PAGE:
“There is nothing like returning to a place that remains unchanged to find the ways in which you yourself have altered.” ~ Nelson Mandela
Many times when we try to make a good change in our lives, it gets derailed early on by something out of our control.
Let’s say you start a diet, and your daughter makes some great vegan cupcakes and you want to support her efforts, and so you eat some … and this exception causes you to say, “screw it” and you eat some other unhealthy foods later in the day, and then the next day.
Or you’re trying to think positively, and so you go out of your way to be nice to someone with whom you’re not on good terms … and they snub you, causing you to go down a spiral of negative thoughts.
How do you stop the negative spiral? How do you stop the slippery slope?
By having a more flexible idea of what your habit change is.
The problem is that we often have an ideal habit change: we’re going to start this new diet and be perfect at it and all will go well and we’ll be healthy and trim and sexy.
And of course the actual path is much more bumpy than that, and so this ideal expectation is never met. Changes never go the way we think they will. Our fantasies about our new habits don’t come true. And we feel horrible about that, and get derailed.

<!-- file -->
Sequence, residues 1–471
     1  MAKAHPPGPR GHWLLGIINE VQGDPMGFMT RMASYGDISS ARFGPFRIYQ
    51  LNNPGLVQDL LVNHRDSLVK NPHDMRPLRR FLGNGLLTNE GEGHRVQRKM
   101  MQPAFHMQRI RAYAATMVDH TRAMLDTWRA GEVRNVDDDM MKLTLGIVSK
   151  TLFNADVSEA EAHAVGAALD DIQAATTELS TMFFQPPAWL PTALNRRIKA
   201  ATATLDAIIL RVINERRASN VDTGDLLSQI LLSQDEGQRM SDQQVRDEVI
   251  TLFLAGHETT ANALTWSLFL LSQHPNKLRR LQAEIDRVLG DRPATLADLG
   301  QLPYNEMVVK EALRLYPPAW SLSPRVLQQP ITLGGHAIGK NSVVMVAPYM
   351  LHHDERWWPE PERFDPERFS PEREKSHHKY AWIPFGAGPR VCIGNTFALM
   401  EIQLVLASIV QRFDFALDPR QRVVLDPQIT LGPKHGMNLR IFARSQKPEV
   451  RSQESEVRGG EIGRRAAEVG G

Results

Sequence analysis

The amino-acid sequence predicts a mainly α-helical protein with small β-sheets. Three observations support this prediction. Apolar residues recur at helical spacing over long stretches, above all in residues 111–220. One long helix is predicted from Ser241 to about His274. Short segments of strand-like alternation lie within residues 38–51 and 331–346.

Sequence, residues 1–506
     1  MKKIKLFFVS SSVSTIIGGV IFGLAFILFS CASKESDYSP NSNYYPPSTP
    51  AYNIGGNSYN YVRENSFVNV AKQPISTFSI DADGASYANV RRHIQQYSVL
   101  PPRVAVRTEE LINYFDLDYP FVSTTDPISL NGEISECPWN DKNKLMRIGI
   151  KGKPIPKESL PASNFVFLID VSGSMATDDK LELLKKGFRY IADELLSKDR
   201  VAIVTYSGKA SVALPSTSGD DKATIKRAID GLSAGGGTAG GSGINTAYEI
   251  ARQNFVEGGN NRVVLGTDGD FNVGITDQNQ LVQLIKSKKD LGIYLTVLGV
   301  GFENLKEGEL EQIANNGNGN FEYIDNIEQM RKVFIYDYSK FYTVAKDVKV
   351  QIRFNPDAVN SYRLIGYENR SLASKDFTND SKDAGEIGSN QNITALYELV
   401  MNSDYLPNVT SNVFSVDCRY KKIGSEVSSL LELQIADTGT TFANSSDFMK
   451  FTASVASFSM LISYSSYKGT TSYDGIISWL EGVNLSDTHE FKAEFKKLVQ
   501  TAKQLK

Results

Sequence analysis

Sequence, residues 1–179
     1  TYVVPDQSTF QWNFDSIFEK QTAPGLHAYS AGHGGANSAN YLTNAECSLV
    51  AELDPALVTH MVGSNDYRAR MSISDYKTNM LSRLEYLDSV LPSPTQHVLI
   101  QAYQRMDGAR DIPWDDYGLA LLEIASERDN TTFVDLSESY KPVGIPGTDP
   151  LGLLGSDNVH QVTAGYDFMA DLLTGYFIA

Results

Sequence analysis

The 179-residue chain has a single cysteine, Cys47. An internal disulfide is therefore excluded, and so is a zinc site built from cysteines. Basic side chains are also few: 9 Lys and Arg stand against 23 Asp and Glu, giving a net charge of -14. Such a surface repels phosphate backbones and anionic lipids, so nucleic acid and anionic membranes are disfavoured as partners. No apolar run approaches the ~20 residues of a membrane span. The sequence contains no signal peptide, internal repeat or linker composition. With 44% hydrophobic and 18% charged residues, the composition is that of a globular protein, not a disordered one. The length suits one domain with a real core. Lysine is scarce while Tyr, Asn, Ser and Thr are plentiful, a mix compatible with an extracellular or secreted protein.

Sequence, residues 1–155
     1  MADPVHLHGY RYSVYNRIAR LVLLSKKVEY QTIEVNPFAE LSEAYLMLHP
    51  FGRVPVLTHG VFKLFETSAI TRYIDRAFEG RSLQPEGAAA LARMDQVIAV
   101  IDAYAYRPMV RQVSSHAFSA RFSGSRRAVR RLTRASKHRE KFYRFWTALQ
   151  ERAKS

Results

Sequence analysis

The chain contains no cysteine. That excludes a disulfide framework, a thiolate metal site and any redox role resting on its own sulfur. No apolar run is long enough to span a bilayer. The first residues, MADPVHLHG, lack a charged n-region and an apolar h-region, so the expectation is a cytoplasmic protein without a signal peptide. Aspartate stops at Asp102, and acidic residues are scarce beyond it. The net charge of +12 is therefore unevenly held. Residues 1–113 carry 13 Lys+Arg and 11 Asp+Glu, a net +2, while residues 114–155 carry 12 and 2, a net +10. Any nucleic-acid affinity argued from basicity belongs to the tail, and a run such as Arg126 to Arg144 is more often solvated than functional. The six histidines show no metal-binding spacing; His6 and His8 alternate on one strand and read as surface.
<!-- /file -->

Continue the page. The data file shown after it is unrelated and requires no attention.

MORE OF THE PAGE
The problem isn’t the event that derailed us, that caused our perfect habit to go bad … the problem is our ideal about how the change will go. The ideal is just a fantasy, made up in our heads. It’s not real. It’s not realistic.
What’s more realistic? Reality. Instead of holding onto the fantasy you have about the change, let that go and embrace the reality of the change. Be open to whatever happens, be curious what it’s like, and actually be present and observe the change as it happens.
Did someone not respond positively like you’d hoped they would? That’s OK, because while the ideal didn’t happen, you knew that things would turn out differently than the ideal, and so instead of being disappointed you’re curious about what happened, why, how you react, and how you can respond appropriately to this change in plans.
Letting go of the ideal, you smile, observe yourself, and think, “What now? What’s the way to respond appropriately to this new situation?”
You’re flexible. You embrace the reality. You move through the everchanging landscape with a shifting plan, and a smile.